Air Quality & Air Health Facts
Here are some interesting facts about air quality and health. Feel free to call if you have any questions or want a free inspection.
- According to the Canadian Institute of Child Health, children are exposed daily to a toxic soup of chemicals in their water, air and food, and that exposure may explain the dramatic rise in childhood cancers, asthma, sudden infant death syndrome and behavioural problems.
- Parents who keep a spotless house may be triggering an asthma attack according to Australian researchers. Toddlers exposed to fumes from solvents and cleaning products at home are most at risk. Polishes, room fresheners and new carpets were some of the triggers. Children exposed to the highest levels of volatile organic compounds were 4 times more likely to have asthma.
- Today there are about 72,000 synthetic chemicals being produced. An average home stores about 62,000 chemicals – most of them in the kitchen and bathroom.
- Chemicals get into our body through inhalation, ingestion and absorption. According to American Lung Association, we breathe in the vapors, airborne volatile organic compounds or VOC’s. Some products release contaminants into the air right away; others do so gradually over a long period of time. Some stay in the air up to a year. Chemicals can evaporate right through a container that isn’t properly sealed.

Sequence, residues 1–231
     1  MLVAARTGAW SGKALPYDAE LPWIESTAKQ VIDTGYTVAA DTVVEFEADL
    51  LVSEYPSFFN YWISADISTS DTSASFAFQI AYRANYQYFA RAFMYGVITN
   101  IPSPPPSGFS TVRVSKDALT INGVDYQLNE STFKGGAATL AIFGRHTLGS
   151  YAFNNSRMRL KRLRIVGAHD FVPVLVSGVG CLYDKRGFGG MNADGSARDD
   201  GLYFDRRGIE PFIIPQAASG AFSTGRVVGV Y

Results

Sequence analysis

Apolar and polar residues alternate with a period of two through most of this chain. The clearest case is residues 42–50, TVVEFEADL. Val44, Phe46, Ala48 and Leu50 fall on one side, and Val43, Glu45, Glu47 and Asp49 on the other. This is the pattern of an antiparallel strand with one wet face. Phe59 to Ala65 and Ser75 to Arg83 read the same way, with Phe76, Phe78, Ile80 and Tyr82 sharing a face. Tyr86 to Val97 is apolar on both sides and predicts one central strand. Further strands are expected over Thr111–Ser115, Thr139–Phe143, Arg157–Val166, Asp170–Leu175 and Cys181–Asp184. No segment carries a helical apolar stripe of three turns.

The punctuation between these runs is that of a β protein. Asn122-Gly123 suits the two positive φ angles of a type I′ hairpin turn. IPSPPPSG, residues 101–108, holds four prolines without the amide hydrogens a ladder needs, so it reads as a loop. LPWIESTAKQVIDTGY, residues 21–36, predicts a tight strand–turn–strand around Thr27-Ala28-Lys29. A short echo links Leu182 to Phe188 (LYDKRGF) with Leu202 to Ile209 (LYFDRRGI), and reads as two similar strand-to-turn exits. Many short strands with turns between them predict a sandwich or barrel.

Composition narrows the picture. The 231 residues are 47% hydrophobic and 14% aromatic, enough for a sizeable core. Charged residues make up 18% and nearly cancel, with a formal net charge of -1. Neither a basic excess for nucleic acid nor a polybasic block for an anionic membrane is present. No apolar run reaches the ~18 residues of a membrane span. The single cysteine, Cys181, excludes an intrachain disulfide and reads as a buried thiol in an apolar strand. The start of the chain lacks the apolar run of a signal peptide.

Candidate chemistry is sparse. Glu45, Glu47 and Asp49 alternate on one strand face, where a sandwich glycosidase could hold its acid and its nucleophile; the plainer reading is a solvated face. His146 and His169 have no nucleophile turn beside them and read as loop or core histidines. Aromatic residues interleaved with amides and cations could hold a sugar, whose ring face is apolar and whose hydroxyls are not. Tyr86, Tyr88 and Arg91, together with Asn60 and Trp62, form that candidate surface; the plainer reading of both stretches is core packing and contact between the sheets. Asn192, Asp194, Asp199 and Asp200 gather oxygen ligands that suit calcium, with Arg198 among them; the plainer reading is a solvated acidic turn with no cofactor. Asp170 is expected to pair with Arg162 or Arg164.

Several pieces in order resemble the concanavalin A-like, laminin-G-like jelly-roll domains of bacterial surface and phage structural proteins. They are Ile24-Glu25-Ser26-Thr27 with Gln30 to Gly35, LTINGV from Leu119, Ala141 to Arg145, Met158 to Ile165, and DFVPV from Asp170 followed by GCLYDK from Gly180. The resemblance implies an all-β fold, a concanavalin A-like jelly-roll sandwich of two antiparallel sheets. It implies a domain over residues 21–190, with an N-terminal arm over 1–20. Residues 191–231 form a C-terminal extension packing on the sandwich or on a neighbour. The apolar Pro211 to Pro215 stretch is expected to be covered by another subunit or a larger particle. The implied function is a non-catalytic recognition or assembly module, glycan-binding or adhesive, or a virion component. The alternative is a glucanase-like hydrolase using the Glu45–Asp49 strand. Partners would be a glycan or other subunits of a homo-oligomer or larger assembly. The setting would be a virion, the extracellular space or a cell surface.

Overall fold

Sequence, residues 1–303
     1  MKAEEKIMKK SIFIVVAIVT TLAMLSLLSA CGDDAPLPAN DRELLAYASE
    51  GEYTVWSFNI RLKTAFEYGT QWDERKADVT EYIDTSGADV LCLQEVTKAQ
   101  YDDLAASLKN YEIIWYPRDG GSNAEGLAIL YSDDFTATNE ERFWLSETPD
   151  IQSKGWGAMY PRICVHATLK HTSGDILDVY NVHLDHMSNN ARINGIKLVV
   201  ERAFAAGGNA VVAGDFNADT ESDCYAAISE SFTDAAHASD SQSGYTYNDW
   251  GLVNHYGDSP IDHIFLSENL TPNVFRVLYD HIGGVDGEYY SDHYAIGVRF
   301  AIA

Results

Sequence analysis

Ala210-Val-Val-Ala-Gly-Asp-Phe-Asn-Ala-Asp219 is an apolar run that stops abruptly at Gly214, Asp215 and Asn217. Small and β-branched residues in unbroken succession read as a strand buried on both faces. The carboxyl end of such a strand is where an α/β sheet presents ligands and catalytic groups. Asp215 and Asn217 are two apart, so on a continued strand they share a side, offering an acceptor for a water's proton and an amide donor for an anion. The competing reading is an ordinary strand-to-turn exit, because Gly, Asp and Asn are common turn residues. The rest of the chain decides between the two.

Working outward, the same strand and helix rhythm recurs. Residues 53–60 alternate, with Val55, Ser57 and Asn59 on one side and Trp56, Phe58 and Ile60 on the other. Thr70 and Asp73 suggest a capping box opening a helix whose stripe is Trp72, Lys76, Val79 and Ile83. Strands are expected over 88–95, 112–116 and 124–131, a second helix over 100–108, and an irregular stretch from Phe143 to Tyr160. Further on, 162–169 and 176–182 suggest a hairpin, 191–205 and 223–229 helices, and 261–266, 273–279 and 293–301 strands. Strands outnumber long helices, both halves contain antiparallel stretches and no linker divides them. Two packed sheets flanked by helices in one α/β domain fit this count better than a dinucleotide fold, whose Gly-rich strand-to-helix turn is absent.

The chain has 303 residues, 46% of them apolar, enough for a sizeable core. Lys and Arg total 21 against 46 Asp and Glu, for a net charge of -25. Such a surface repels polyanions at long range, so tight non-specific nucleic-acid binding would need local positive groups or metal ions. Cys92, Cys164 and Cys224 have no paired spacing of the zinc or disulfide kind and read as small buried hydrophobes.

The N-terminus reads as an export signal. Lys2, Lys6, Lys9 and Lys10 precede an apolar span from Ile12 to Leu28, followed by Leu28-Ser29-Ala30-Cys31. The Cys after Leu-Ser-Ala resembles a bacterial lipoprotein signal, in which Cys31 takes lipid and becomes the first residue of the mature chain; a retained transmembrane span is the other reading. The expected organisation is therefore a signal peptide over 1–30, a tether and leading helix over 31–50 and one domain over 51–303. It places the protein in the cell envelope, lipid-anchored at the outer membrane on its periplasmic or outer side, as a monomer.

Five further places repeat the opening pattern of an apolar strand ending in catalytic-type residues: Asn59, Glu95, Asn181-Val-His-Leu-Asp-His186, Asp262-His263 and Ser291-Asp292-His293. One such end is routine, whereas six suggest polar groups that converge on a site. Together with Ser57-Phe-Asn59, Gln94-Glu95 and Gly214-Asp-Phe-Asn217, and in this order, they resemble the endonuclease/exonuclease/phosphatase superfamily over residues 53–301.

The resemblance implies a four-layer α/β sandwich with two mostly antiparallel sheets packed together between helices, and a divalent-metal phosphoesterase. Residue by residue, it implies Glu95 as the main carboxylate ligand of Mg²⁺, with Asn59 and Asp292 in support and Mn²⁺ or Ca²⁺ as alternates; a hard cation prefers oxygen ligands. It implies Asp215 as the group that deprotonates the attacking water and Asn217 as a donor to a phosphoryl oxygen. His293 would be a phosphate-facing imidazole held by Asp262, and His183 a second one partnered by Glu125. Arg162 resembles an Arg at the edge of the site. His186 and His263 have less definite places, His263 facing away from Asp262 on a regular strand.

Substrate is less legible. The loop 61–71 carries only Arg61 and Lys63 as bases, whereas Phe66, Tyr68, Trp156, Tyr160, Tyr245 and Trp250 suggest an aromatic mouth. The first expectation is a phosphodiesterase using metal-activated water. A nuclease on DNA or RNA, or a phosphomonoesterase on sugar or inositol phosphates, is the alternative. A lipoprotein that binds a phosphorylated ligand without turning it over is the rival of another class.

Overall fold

- Canada Mortgage and Housing Corp (CMHC) reports that houses are sealed so tight for energy efficiency that they cannot offgass chemicals. The chemicals have no where to go, so they build up within the home.
- An Environmental Protection Agency (EPA) study stated that the toxic chemicals in household cleaners are 3 times more likely to cause cancer than outdoor air. The EPA also conducted a 15 year study that showed American homes have chemical levels 70 times higher than outside.
- Volatile Organic Compounds (VOCs) are off-gassed from new furniture, often lacquered with formaldehyde, particleboard paneling or shelving, stuffed furniture (often coated with a stain treatment) and even carpeting. VOCs are emitted from air fresheners, bleach products, household cleaning products, deodorizers, dishwashing detergents, disinfectants, dry cleaned clothing, fabric softeners, laundry detergents, furniture polishes, metal polishes, oven cleaners, glues, paints, solvents, mineral deposit removers, pesticides, garden chemicals, personal care products and more.